AP Sports Writer
CHICAGO (AP) -- Toward the end of their title defense, the Los Angeles Kings were spending a lot of time on the training table. Captain Dustin Brown was playing with a torn ligament in his left knee, just one of several injuries that became public knowledge after the Stanley Cup champs were eliminated by the Chicago Blackhawks in the Western Conference finals.
Gregory Campbell broke his right leg while helping the Boston Bruins kill off a power play in the third round of the playoffs, and the center stayed on the ice until his team was able to clear the puck out of the zone.
It's part of the routine for the NHL playoffs, a grueling stretch when players keep going through all sorts of injuries that seem to lead to time off in several other sports.
"If you make it this far and you don't have any injuries or anything wrong with you, I'm sure you're not really playing up to playoff hockey," Blackhawks forward Patrick Kane said Saturday.
That's why it was clear Bruins forward Nathan Horton was in a considerable amount of pain when he skated off during a power play in the first of three overtimes in Boston's 4-3 loss in Game 1 of the Stanley Cup finals at Chicago on Wednesday night. For any player to leave during such an important moment, it had to be something where he felt he was hurting the team by remaining on the ice.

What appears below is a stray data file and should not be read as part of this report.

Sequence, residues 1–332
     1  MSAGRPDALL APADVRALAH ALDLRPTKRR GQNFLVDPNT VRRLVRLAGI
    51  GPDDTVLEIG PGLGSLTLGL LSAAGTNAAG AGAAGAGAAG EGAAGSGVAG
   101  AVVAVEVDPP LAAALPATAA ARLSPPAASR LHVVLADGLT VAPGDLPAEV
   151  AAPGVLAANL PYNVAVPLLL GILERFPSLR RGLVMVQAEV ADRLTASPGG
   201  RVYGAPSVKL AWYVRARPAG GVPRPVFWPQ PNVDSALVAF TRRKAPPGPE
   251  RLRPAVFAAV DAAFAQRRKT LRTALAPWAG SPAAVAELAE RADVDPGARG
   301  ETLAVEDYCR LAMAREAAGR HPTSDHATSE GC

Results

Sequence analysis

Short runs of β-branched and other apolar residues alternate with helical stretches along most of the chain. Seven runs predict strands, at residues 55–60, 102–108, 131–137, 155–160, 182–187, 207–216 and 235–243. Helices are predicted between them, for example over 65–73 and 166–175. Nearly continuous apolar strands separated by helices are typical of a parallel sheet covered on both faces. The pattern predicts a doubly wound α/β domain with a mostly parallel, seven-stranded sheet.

When it comes to this time of the year, the general rule is find a way to keep playing.
"Nobody wants to be left out or pushed out of the lineup and when you look at the Stanley Cup and what it means to you, there's no doubt you don't want to be denied that opportunity," said Boston coach Claude Julien, who was behind the bench when the Bruins won the title in 2011. "Players, like I said, are tough in this sport and they'll play through a lot. There's some on both teams right now and you'll find out more when the series is over."
Sure enough, Horton was back on the ice when Boston practiced on Friday and participated in the team's morning skate on Saturday, declaring he was ready to go for Game 2. The quick return for the talented wing was an encouraging sign for the Bruins, who didn't seem all that surprised he made it back so quickly from the unspecified upper-body injury.
"It's a part of the playoffs. I mean every team goes through it and they have guys playing through pain," said Milan Lucic, who plays on the same line as Horton. "I remember two years ago guys playing through pain as well and what not. Like I said, it's a part of the playoffs and it goes to show guys will do anything to win."
Lucic recalled playing the final part of the 2011 postseason with a broken toe.
"I know it doesn't sound like much but you don't realize how much you're on your toe until you break it," he said.
Brown injured his knee during his first shift of Los Angeles' 2-1 loss to San Jose in Game 6 of the West semifinals. He scored a goal and played 18 minutes in that game against the Sharks, and then played 17
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